SOURCE: Patagonia

August 18, 2005 19:52 ET

Patagonia Announces Revolutionary Garment Recycling Program With Teijin

Becomes One of the First Global Companies in the World to Implement Garment Recycling

VENTURA, CA -- (MARKET WIRE) -- August 18, 2005 -- Patagonia, Inc., the outdoor gear and apparel company, in partnership with Teijin, a progressive fabric manufacturer in Japan, announced today the launch of the Common Threads Recycling Program. This revolutionary program asks Patagonia customers to return their worn-out Capilene® baselayers (a.k.a., long underwear) to Patagonia, to be recycled into new garments. Worn-out Capilene baselayers will feed Patagonia's own supply chain to make new Capilene in future seasons. With the launch of this recycling program, Patagonia becomes one of the first global companies in the world to launch a garment take-back recycling program.

Research shows that the environmental impact of using worn-out Capilene baselayers to make new polyester fiber is significantly lower than making that same fiber from virgin materials. Via the Common Threads Recycling Program, worn-out garments are diverted from trash incinerators. Making new polyester fiber from used garments, that have been mailed from customers to Patagonia, results in an energy savings of 76 percent and a CO2 emissions [greenhouse gasses] reduction of 71 percent, versus creating that fiber from new raw material.

"Our goal is to take responsibility for every product we make. This includes responsibility for the fibers a garment is made of, as well as what happens to a product at the end of its useful life. Garment recycling is simply our first step towards a truly environmentally sound process," explained Michael Crooke, president and CEO of Patagonia.

"We recognize that everything we make pollutes -- and most of it eventually ends up in landfills. Moving forward, with our customers' help, the 1.3 million Capilene pieces we sell each year will potentially live on in perpetuity."

Effective September 12, 2005, customers may return used Capilene baselayers to Patagonia, via mail or at any of the 20 Patagonia retail stores nationwide. These worn-out baselayers will then be transported via container ships (which usually travel back to Asia empty) to Teijin's recycling facilities in Japan. There they will be broken down and made into new Capilene garments using Teijin's EcoCircle™ fiber-to-fiber recycling system. With EcoCircle, worn-out polyester garments are recycled into virgin-quality fibers by breaking down the fabric to the molecular level and creating new polyester raw material. Beginning in Spring 2007, Patagonia's Capilene baselayers will be made with more than 50% recycled content, using garments collected from customers.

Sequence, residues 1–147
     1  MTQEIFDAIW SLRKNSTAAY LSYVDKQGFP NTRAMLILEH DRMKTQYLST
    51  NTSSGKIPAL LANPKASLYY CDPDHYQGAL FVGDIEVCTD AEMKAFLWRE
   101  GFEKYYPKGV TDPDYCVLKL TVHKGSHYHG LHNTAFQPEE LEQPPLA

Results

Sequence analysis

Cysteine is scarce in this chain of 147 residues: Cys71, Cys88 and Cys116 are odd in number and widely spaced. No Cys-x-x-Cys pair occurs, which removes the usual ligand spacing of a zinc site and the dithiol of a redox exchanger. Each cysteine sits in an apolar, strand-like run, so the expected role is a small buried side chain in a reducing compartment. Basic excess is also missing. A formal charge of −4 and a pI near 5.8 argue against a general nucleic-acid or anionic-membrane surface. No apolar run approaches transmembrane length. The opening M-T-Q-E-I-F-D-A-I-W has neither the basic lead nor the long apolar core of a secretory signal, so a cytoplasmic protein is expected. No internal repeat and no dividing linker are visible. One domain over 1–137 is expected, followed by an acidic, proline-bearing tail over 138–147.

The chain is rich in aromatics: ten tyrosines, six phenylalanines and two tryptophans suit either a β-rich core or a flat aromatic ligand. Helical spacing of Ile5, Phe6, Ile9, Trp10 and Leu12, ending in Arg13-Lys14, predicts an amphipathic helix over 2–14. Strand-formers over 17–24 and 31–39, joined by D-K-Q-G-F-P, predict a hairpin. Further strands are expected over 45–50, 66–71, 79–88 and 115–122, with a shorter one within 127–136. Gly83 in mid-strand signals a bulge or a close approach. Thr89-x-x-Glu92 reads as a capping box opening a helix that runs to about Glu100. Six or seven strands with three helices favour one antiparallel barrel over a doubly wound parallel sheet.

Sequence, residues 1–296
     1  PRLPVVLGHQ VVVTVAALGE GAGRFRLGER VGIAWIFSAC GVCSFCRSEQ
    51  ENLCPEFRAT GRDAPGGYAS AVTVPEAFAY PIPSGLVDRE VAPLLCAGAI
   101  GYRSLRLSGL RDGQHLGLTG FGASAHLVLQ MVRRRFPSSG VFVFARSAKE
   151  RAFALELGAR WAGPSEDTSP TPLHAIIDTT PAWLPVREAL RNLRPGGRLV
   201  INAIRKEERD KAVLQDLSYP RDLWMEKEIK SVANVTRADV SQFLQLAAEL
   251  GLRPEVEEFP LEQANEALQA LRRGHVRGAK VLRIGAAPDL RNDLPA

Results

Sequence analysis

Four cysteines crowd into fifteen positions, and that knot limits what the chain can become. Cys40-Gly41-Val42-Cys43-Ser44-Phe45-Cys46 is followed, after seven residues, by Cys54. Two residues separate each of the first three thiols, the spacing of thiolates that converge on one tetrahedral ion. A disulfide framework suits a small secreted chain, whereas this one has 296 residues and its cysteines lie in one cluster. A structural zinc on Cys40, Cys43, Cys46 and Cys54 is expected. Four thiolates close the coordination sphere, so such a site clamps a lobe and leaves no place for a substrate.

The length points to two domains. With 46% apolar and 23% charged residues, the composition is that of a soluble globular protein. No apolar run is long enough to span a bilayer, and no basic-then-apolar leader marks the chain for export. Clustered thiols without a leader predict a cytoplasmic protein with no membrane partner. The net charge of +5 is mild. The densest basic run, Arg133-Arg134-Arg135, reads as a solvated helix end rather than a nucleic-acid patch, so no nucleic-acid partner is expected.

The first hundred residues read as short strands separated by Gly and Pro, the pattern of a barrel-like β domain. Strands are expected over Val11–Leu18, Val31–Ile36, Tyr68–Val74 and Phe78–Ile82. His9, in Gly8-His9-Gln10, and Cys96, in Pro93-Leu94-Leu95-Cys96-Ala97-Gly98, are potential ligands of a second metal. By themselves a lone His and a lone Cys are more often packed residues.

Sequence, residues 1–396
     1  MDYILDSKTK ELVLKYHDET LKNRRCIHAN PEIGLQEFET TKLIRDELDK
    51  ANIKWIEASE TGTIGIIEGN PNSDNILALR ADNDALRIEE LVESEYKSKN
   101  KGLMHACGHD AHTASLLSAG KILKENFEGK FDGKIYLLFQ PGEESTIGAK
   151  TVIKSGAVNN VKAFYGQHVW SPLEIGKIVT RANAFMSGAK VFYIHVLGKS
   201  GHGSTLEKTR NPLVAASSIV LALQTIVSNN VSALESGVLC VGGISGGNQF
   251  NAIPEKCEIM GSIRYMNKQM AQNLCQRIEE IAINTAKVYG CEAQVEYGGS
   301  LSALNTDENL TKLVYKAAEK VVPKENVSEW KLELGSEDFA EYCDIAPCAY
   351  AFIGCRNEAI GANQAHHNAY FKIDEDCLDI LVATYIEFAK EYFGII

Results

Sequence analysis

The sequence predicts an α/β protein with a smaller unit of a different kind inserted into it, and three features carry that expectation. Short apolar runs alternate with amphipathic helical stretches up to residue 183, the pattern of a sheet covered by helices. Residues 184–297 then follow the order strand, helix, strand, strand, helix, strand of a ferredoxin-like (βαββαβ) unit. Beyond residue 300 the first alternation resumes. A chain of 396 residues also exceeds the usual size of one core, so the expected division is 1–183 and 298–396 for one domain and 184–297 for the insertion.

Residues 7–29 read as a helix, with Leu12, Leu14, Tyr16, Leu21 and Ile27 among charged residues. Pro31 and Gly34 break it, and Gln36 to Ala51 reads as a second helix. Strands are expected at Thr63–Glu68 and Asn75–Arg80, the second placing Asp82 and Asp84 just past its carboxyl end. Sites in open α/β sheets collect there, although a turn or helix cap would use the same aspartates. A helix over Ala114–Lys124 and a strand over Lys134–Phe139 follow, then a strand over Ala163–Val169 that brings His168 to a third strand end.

"It was critical for us to find a partner who could help us keep our product out of the landfill at the end of its useful life. With Teijin's help, we'll feed our own supply chain with used Capilene baselayers rather than relying solely on scarce virgin resources like petroleum," said Crooke. "It's our hope that many other companies will recognize the value of garment recycling and take advantage of this revolutionary system."

"EcoCircle is a perfect example Teijin's commitment to developing technologies that are friendly to people and the environment," said Yoshinaga Karasawa, senior managing director and chief marketing officer of Teijin. "We are very pleased that Patagonia will be the first company to use the EcoCircle recycling system in the U.S., and we hope that other companies will follow Patagonia's lead and participate in this innovative system."

Just as Patagonia pioneered the use of recycled soda bottles in fleece and was the first company in the outdoor industry to switch to 100% organic cotton, the company aims to pave the way for others to get on the garment recycling bandwagon. For more information, visit www.patagonia.com. Contact Teijin www.teijin-eco.com to see how other companies can participate.

About Patagonia

Patagonia is noted internationally for its commitment to product quality and environmental activism. Its Environmental Grants Program has contributed over $20M in cash and in-kind donations to grassroots environmental activists since the program began in 1985, and its Environmental Internship Program allows employees to work for environmental groups while receiving their full paycheck. Incorporating environmental responsibility in to product development, the company supports the ambitious mission statement: "To make the best product, cause no unnecessary harm and use business to inspire and implement solutions to the environmental crisis." Since 1996, Patagonia has used only organically grown cotton in its clothing line, and is noted worldwide for using recycled soda bottles in many of its polyester fleece garments beginning in 1993. Sales for 2004 were $240 million.

About Teijin

The Teijin Group (Teijin) is a multinational enterprise comprised of nearly 160 companies in seven business groups including textile fibers, industrial fibers, films, plastics, medical and pharmaceuticals, fiber marketing products and IT. The company's brand statement, "Human Chemistry, Human Solutions," communicates their commitment to developing cutting-edge technologies that are friendly to humans and the environment. For the past five years, Teijin has been ranked as a member of the Dow Jones Sustainability Indexes, which evaluate the economic and environmental performances of companies. Teijin established the world's first chemical recycling technologies for fibers, films and bottles. EcoCircle is organized by Teijin Fibers Ltd., the core company of the textile fibers business group. Sales for 2004 were $8.5 billion.

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